Rob showed us his latest game GnarBike Trials 2. This game is the sequel to GnarBike Trials (Androidhttp://bit.ly/ZzFYOK, iOS http://bit.ly/11pPq44) with a big focus on user creativity. The in-game level builder will be packed full of features, so you can create and share amazing custom levels with ease!
There were also a couple of announcements and follow-ups people have asked me to mention to the group:
Firstly, Ben from Mousebreaker has mentioned that they’re looking for Unity developers. He said: “I’m looking to commision games for our games portal www.mousebreaker.com. If you are a Unity developer please drop me a mail to see if we can work together. We are based in London, but you can work from remotely. Previous experience is a must.”. If interested, you can contact Ben via email: email@example.com.
And finally, Will has asked me to mention Unite Nordic. I briefly spoke about this on the night but figured more information would be helpful! Unite Nordic takes place in Malmo, Sweden, on 21-22 May. The lineup for this event looks great, with talks from Mojang, Rovio, the Unity team and more. The event is then followed by the Nordic Game Conference (22-24 May). For more info, check out the following links:
Unite Nordic: http://unity3d.com/unite/nordic/
Full schedule: http://unity3d.com/unite/nordic/schedule
As a big fan of Unity, it may be surprising to hear that I have decided to leave my role there. Today was officially my last day. I’ve enjoyed my time there greatly – the team is incredibly talented and the product is fantastic. I’ve made a lot of great friends during my time at Unity and I’ll miss the team a great deal.
However, after helping a lot of game developers and studios all over the world with their Unity games, I have realised just how much I miss game development. I really do love making games.
And so, as of today, I am taking a massive leap of faith. I’m leaving the land of employment and venturing into the unknown world of indie game dev with Mark. I will now be working full-time on our own game projects. Naturally, we shall be using Unity to make them!
We’ve got plenty of ideas and a lot of game dev/design experience between us, so we’re planning to develop many games together. We’re very excited! We’re also realistic about how difficult this process will be. I’m expecting the upcoming months to be very hard work, very challenging and probably rather stressful. At the same time though, it will be really fun and a great learning experience.
For the next few months, I’ll be developing our projects full-time, but may occasionally take on paid work from early next year. If anyone needs a freelance game dev or consultancy help with Unity projects in 2013, please do get in touch!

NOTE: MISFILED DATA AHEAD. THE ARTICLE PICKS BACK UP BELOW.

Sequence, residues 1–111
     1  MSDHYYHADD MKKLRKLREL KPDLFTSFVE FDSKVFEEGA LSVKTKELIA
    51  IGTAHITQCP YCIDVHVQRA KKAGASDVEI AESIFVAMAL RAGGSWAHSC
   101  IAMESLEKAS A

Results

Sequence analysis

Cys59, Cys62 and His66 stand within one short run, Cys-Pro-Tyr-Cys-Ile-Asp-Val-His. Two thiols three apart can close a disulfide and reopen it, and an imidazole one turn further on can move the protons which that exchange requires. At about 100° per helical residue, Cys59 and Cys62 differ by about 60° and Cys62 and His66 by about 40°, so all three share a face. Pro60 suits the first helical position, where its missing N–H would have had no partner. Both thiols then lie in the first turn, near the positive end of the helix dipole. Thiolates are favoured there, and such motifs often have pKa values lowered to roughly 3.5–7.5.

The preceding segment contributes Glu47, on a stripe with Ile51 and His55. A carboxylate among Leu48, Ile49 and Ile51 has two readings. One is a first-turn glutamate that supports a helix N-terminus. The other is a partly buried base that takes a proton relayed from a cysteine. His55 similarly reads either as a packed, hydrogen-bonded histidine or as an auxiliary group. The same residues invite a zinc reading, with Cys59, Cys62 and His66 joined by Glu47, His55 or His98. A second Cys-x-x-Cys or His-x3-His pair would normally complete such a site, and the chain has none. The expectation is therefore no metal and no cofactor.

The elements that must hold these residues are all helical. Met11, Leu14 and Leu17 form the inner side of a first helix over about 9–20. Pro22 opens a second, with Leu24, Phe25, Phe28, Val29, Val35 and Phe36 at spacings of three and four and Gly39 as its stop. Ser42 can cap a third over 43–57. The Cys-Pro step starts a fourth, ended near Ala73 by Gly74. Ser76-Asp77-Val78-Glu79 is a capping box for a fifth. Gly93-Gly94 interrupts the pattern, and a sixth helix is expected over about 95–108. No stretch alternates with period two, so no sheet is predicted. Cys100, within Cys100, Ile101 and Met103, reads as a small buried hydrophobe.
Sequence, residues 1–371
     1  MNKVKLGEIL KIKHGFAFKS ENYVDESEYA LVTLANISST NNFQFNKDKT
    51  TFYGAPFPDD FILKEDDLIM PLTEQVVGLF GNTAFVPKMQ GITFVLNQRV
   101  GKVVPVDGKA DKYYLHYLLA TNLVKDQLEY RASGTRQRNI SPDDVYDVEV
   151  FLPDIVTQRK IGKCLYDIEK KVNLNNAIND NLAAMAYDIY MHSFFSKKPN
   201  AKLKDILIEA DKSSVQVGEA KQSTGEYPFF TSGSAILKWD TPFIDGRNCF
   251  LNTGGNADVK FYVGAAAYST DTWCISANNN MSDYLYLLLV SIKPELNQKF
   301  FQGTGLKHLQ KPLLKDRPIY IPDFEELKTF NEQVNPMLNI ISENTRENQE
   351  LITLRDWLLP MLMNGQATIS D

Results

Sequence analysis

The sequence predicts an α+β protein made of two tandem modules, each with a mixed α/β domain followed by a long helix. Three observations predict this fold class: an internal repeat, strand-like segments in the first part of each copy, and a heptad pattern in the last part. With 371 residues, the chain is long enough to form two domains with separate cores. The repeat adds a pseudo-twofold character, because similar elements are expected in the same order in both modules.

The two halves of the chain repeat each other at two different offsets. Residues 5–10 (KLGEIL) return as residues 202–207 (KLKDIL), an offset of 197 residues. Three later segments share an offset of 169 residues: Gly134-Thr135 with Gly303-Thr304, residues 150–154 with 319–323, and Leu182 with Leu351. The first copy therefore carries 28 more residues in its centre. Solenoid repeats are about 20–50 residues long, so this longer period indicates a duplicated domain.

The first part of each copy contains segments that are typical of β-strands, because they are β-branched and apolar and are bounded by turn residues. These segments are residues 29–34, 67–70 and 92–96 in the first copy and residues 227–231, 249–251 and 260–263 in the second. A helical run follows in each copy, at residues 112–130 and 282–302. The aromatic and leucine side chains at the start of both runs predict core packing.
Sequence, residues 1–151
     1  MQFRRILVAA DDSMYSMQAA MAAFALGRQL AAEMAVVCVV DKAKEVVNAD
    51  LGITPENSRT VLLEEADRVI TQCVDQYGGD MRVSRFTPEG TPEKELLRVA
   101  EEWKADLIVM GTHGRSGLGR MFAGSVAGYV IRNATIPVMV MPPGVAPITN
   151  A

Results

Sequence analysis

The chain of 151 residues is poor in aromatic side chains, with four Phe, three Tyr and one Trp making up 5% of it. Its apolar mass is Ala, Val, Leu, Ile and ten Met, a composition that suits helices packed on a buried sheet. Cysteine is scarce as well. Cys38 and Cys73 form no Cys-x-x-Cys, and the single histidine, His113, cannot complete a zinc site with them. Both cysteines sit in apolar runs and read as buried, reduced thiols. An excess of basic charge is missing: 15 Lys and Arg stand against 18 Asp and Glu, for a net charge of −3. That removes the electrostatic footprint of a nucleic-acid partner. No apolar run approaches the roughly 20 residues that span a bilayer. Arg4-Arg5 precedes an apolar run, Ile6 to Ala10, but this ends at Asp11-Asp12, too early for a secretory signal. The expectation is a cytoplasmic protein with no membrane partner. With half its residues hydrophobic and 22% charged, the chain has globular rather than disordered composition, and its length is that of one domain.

I’m now ready for the next chapter in my game dev adventure! Bring it on!
This weekend was the first Molyjam, based on the ideas of Peter Molydeux. The jam took place over 48 hours with hundreds of games made globally. Lots of sites have detailed the jam already, so I’ll cut to the chase and talk about mine and Mark’s game…
We decided to make a game based on the following tweet:
“Imagine carrying a radioactive baby in a pitch black environment, your baby would act as a torch. Rocking the baby intensifies the glow etc”
Over the last weekend, I’ve been hard at work trying to get an unannounced Mind Candy project (made in Unity) to export to Flash. I thought it would be useful to share some details from the experience since most of the issues I’ve encountered would probably be avoidable if your project is architected in a way that lends itself to Flash export.
During the Christmas holidays, I made a game for Unity’s Flash in a Flash contest. It wasn’t the most exciting game, but it worked. The core mechanic of that game (including new 3.5 features such as nav mesh) exported to Flash well. The reason this game worked is because I had been paying close attention to the Flash export and knew what features wouldn’t work at that time. I avoided anything overly complicated and developed the game with the limitations in mind. Fundamentally, I decided to make a new, simple game rather than trying to port an existing one.
Now, I’m doing the opposite. I’m trying to get an existing game to publish to Flash. This project is a relatively large one. The game has been in development for quite a long time. It contains a lot of complex C# code and most importantly: a lot of features that don’t yet work in the Flash export. Trying to get this game to export to Flash is no easy task. I’ve spent numerous weekends on this since the 3.5 beta was made available and I still haven’t got it to work.
Despite the export (currently) not working for our project, there are a lot of lessons to be learned. Hopefully these will be of use to other people attempting the same task, and will be a good reference point for myself when I inevitably try to export the game again at a later date.
Currently Unsupported Features